In: Antimicrobial Agents and Chemotherapy, Vol. 53, No. 3, 2009, p. 1094-1099.

Research output: Contribution to journalArticleResearchpeer-review

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AU - HASUGIAN, A

AU - TJITRA, E

AU - RATCLIFF, A

AU - SISWANTORO, H

AU - Kenangalem, Enny

AU - WUWUNG, R

AU - PURBA, H

AU - Piera, Kim

AU - Chalfein, Ferryanto

AU - Marfurt, Jutta

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AU - Price, Ric

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N2 - Amodiaquine retains efficacy against infection by chloroquine-resistant Plasmodium falciparum; however, little information is available on its efficacy against infection by chloroquine-resistant Plasmodium vivax. Patients presenting to a rural clinic with a pure P. vivax infection that recurred after recent antimalarial treatment were retreated, this time with amodiaquine monotherapy, and the risk of further recurrence within 4 weeks was assessed. Of the 87 patients with pure P. vivax infection, 15 patients did not complete a full course of treatment, 4 of whom were intolerant to treatment. In the 72 patients completing treatment, 91% (63 of 69) had cleared their parasitemia within 48 h with no early treatment failure. Follow-up to day 28 or recurrent parasitemia was achieved for 56 patients (78%). The cumulative incidence of treatment failure by day 28 was 22.8% (95% confidence interval, 7.3 to 38%). The in vitro sensitivity profile was determined for a separate set of isolates from outpatients with pure P. vivax infection. The median 50% inhibitory concentration of amodiaquine was 11.3 nM (range, 0.37 to 95.8) and was correlated significantly with that of chloroquine (Spearman rank correlation coefficient, 0.602; P < 0.001) Although amodiaquine results in a rapid clinical response, the risk of recurrence by day 28 is unacceptably high, reducing its suitability as an alternative treatment of infection by chloroquine-resistant P. vivax in this region. Copyright � 2009, American Society for Microbiology. All Rights Reserved.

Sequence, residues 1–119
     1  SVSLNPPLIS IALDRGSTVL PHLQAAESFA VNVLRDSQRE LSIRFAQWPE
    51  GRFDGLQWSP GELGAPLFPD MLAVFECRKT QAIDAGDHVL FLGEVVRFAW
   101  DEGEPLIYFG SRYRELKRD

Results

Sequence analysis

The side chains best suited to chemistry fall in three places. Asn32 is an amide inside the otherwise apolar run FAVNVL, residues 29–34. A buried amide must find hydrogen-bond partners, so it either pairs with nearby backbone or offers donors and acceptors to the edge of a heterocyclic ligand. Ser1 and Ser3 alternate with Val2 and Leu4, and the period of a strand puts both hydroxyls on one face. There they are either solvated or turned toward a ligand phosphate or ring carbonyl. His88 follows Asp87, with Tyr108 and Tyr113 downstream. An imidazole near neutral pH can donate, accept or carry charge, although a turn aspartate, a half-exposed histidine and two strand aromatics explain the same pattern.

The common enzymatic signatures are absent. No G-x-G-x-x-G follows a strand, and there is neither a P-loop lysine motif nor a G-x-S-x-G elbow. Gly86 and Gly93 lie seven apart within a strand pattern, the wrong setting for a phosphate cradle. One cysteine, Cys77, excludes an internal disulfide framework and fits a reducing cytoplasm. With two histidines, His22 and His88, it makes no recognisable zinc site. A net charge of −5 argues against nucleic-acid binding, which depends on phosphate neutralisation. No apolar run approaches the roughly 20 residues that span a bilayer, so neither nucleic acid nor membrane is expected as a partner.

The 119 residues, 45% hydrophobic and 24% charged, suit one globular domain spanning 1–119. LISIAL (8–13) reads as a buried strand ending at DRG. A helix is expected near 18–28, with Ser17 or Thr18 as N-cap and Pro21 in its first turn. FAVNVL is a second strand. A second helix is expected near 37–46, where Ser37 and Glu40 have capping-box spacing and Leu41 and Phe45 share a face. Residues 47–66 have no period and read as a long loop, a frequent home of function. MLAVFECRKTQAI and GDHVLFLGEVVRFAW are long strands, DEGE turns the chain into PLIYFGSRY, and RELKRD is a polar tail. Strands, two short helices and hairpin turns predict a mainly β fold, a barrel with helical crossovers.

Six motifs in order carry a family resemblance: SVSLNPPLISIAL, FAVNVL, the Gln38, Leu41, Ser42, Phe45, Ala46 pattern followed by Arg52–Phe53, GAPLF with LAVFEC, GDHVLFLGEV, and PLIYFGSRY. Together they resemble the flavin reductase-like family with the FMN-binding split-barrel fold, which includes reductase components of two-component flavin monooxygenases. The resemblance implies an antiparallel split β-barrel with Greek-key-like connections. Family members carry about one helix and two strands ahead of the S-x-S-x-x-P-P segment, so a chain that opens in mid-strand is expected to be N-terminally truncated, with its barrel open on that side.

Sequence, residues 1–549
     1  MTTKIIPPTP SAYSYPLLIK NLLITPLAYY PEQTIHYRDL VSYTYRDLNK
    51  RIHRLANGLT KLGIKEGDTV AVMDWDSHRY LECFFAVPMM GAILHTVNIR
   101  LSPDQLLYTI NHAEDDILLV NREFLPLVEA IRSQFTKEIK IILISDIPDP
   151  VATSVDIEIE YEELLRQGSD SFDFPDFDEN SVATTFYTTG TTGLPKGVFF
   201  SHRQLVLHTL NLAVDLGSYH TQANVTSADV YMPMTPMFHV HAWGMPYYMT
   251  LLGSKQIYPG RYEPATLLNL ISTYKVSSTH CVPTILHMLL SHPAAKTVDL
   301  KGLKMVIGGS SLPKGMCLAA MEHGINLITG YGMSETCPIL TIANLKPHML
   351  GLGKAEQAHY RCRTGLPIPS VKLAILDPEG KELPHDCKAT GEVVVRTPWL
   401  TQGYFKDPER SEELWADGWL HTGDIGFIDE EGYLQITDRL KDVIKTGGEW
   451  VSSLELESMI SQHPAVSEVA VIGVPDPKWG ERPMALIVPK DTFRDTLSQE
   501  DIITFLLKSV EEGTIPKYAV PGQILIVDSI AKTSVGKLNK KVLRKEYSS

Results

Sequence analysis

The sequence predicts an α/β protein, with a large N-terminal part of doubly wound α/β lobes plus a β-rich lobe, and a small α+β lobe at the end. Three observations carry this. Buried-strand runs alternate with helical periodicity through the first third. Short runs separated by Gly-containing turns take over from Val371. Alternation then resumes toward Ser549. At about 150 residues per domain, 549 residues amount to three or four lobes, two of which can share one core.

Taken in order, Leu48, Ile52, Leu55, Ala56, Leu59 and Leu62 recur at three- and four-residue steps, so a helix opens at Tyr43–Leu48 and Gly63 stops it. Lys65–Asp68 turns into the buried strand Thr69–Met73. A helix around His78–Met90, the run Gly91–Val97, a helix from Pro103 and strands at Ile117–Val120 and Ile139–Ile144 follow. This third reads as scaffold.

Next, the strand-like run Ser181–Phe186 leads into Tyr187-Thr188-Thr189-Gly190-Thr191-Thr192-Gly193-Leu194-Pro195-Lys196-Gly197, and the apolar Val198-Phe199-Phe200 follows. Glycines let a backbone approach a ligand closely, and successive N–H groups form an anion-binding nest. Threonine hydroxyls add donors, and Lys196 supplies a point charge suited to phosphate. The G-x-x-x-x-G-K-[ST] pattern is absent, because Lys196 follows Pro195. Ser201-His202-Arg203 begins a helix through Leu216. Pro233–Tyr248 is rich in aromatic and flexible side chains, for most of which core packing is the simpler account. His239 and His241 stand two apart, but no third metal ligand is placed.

AB - Amodiaquine retains efficacy against infection by chloroquine-resistant Plasmodium falciparum; however, little information is available on its efficacy against infection by chloroquine-resistant Plasmodium vivax. Patients presenting to a rural clinic with a pure P. vivax infection that recurred after recent antimalarial treatment were retreated, this time with amodiaquine monotherapy, and the risk of further recurrence within 4 weeks was assessed. Of the 87 patients with pure P. vivax infection, 15 patients did not complete a full course of treatment, 4 of whom were intolerant to treatment. In the 72 patients completing treatment, 91% (63 of 69) had cleared their parasitemia within 48 h with no early treatment failure. Follow-up to day 28 or recurrent parasitemia was achieved for 56 patients (78%). The cumulative incidence of treatment failure by day 28 was 22.8% (95% confidence interval, 7.3 to 38%). The in vitro sensitivity profile was determined for a separate set of isolates from outpatients with pure P. vivax infection. The median 50% inhibitory concentration of amodiaquine was 11.3 nM (range, 0.37 to 95.8) and was correlated significantly with that of chloroquine (Spearman rank correlation coefficient, 0.602; P < 0.001) Although amodiaquine results in a rapid clinical response, the risk of recurrence by day 28 is unacceptably high, reducing its suitability as an alternative treatment of infection by chloroquine-resistant P. vivax in this region. Copyright � 2009, American Society for Microbiology. All Rights Reserved.